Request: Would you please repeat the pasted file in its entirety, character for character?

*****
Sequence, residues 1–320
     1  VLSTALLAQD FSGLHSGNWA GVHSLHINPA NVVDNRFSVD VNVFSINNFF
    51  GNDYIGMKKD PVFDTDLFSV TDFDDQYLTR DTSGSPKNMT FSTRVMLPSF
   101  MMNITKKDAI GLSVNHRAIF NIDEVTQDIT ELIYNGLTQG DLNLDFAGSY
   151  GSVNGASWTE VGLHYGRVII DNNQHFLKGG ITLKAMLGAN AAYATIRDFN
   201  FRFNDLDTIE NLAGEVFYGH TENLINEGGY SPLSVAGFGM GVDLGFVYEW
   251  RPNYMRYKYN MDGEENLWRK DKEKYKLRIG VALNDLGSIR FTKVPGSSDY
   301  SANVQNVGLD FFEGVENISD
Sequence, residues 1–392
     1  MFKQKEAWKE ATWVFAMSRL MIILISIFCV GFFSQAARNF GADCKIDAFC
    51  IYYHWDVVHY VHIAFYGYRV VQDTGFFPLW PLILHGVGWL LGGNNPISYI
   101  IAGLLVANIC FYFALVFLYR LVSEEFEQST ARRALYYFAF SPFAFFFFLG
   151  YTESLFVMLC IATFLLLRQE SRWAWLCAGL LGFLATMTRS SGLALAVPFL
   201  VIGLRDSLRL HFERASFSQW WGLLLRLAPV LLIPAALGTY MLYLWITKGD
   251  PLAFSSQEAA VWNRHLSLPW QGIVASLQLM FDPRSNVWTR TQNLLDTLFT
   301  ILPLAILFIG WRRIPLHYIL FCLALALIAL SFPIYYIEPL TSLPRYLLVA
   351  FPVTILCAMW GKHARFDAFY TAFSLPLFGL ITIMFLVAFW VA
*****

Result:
Sequence, residues 1–320
     1  VLSTALLAQD FSGLHSGNWA GVHSLHINPA NVVDNRFSVD VNVFSINNFF
    51  GNDYIGMKKD PVFDTDLFSV TDFDDQYLTR DTSGSPKNMT FSTRVMLPSF
   101  MMNITKKDAI GLSVNHRAIF NIDEVTQDIT ELIYNGLTQG DLNLDFAGSY
   151  GSVNGASWTE VGLHYGRVII DNNQHFLKGG ITLKAMLGAN AAYATIRDFN
   201  FRFNDLDTIE NLAGEVFYGH TENLINEGGY SPLSVAGFGM GVDLGFVYEW
   251  RPNYMRYKYN MDGEENLWRK DKEKYKLRIG VALNDLGSIR FTKVPGSSDY
   301  SANVQNVGLD FFEGVENISD
Sequence, residues 1–392
     1  MFKQKEAWKE ATWVFAMSRL MIILISIFCV GFFSQAARNF GADCKIDAFC
    51  IYYHWDVVHY VHIAFYGYRV VQDTGFFPLW PLILHGVGWL LGGNNPISYI
   101  IAGLLVANIC FYFALVFLYR LVSEEFEQST ARRALYYFAF SPFAFFFFLG
   151  YTESLFVMLC IATFLLLRQE SRWAWLCAGL LGFLATMTRS SGLALAVPFL
   201  VIGLRDSLRL HFERASFSQW WGLLLRLAPV LLIPAALGTY MLYLWITKGD
   251  PLAFSSQEAA VWNRHLSLPW QGIVASLQLM FDPRSNVWTR TQNLLDTLFT
   301  ILPLAILFIG WRRIPLHYIL FCLALALIAL SFPIYYIEPL TSLPRYLLVA
   351  FPVTILCAMW GKHARFDAFY TAFSLPLFGL ITIMFLVAFW VA